The AVC encoded image (2.35:1 aspect ratio) presentation is tasked with articulating the film’s sensual and procedural cinematography, with the viewing experience bouncing back and forth from romance to examination. Colors are sustained in full, communicating the historical romance of Venice, while taking special note of costumes and beautiful people. Blues and reds are especially potent (Jolie’s lips pop right off the screen, as they usually do), along with a lush amber glow, with confident shadow detail keeping the picture’s extensive use of black in play, making sense out of evening adventures. Skintones are natural while sustaining that movie star glow. Detail is hearty, allowing a full survey of locations and ornate costuming. Gorgeous actors and gorgeous locations make for a satisfying HD event.
The 5.1 DTS-HD mix truly embraces the nuances of the thriller genre, with a welcome blend of dialogue and scoring that keeps the audio activity perpetually on the move. Once the action heats up, the track heightens with an engrossing swirl of sound effects and generous Venice atmospherics, supplying a rich location experience while tightening the visuals once guns are drawn and chases begin. Verbal exchanges are warm and crisp, setting the appropriate mood with a slightly more circular feel, while office sequence benefit from busy surround activity. Low-end is useful to convey movement, but not deployed in full, while music stays fresh and supportive, selling tonal changes with confidence. DVS and French tracks are also included.
English, English SDH, French, and Spanish subtitles are offered.
The feature-length audio commentary from director Florian Henckel von Donnersmark was recorded on the film’s opening day of theatrical release, so a true reflection on the entire moviemaking process is missing here. However, the filmmaker is a jovial fellow who confidently explores the formation of his film, pointing out location and casting quirks, while admitting a few geeky secrets that make the man instantly likable (e.g. Timothy Dalton was cast in a supporting role due to the director’s love of “The Rocketeer,” while some of the picture’s science was cribbed from “321 Contact”). While it’s a guarded conversation, the helmer provides a good amount of BTS information, while expressing what it’s like to be around his two superstars. He also challenges viewers to find better train greenscreen work than what’s viewed in the picture, surprisingly supplying an e-mail address that allows film fans an opportunity to prove him wrong. Brave.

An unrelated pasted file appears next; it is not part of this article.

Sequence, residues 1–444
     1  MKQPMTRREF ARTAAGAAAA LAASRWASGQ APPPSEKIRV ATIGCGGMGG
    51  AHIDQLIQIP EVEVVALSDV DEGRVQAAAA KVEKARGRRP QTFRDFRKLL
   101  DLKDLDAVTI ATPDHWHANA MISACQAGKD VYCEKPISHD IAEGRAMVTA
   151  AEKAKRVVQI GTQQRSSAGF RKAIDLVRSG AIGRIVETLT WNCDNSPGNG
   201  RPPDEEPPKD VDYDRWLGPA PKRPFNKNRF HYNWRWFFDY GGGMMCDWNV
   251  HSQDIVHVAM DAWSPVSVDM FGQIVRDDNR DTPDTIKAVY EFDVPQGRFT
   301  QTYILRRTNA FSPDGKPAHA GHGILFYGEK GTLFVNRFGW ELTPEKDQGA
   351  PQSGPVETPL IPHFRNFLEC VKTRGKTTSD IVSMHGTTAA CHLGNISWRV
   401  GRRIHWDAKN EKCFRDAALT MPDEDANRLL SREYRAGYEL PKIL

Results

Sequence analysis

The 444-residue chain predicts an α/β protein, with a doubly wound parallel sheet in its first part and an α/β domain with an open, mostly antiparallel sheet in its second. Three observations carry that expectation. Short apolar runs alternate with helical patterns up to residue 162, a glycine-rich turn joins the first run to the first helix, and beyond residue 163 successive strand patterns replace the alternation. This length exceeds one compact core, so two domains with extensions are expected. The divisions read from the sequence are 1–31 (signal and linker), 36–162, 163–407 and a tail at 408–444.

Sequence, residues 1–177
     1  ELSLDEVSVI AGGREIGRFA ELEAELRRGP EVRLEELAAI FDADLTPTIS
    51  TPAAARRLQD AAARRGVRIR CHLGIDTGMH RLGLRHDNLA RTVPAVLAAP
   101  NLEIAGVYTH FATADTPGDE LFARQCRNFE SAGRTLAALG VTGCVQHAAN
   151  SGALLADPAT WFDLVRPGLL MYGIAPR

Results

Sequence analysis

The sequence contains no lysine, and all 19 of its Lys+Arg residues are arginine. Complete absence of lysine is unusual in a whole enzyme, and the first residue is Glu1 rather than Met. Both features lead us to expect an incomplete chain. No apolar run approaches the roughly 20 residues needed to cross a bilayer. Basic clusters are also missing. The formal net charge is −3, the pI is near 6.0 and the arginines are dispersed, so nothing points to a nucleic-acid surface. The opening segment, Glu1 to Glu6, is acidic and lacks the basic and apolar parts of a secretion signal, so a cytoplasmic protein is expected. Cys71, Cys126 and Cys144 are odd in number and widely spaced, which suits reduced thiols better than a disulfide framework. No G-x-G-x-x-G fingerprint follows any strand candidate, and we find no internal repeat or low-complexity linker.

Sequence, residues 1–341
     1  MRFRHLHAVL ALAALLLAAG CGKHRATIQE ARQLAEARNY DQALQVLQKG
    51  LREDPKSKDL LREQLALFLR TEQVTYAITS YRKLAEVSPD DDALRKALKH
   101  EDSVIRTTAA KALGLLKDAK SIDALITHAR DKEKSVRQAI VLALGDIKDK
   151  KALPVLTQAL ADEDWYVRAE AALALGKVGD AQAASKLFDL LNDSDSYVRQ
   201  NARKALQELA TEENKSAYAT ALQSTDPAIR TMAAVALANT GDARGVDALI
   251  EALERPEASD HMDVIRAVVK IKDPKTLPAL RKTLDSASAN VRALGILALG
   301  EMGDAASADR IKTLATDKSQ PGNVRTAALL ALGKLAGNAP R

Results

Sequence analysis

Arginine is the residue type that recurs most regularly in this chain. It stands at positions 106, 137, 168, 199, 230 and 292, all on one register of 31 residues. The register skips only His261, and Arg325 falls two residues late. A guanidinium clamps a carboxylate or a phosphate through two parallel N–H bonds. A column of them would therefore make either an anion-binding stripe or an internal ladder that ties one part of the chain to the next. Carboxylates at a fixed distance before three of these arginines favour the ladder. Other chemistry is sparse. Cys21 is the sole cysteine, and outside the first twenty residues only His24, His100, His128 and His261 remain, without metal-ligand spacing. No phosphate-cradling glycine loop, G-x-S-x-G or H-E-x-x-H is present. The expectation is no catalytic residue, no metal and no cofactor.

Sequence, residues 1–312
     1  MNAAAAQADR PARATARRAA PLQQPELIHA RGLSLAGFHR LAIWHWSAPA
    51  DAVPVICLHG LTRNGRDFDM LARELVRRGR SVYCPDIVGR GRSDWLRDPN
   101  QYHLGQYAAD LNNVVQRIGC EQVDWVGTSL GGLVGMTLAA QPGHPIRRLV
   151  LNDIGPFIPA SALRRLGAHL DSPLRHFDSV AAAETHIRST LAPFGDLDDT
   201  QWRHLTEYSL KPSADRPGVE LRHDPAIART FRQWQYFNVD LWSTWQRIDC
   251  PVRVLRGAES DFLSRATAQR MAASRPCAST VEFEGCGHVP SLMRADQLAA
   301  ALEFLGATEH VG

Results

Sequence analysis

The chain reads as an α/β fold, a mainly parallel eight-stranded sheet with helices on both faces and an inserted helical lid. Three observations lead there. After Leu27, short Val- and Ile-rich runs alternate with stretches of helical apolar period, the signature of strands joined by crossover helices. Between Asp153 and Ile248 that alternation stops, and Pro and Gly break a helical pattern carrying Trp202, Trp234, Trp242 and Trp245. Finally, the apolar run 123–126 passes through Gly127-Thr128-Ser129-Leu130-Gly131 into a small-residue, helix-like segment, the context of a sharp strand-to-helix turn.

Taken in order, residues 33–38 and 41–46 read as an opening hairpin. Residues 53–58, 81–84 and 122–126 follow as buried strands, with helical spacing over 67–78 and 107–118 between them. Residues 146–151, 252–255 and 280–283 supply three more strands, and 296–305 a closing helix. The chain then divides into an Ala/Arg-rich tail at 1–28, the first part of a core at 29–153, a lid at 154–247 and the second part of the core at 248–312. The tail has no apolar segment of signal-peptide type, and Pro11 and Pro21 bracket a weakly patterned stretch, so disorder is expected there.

“Canal Chats” (6:01) talks to cast and crew on the water, hyping up the splendor of Venice while speeding around the city on a boat. While the conversations are celebratory, talk switches to technical challenges, especially with a metropolis as complicated as Venice.
“A Gala Affair” (7:12) spotlights the work of production designer John Huttman, who turned Venice architectural wonder into a glamorous ball for the film’s final act. Conversation eventually turns to costume design, exploring the purpose behind fabrics and the challenge of extras, while also touching on choreography and scoring.
“Action in Venice” (6:29) delves into the difficulty of staging conflict in the city, with special environmental demands hampering cinematic chaos, requiring the filmmaker to get creative when planning these special moments of pursuit.
“Bringing Glamour Back” (9:08) is a convincing summation of the production effort, with cast and crew interviews discussing the Venice experience. The concentration here is on classic Hollywood flair, with lavish locations meeting a romantic fantasy tone, supplied by enthusiastic film professionals.
“Tourist Destination: Travel the Canals of Venice” (3:17) is a flat-out valentine for the city, with cast and crew interviews spreading the love about the location.
“Alternate Animated Title Sequence” (2:14) is an odd and wisely cut bit of graphic summary, looking to give viewers a slightly more welcoming opener.
“Outtake Reel” (1:26) is a brief collection of mix-em-ups, displaying a few giggle fits and general camaraderie.
A Theatrical Trailer has not been included.
Puzzling identities, double-crosses, and rooftop chases? Perhaps. “The Tourist” is far more compelling in a playfully sensual state, fixating on chemistry rather than uninspired thriller mechanics.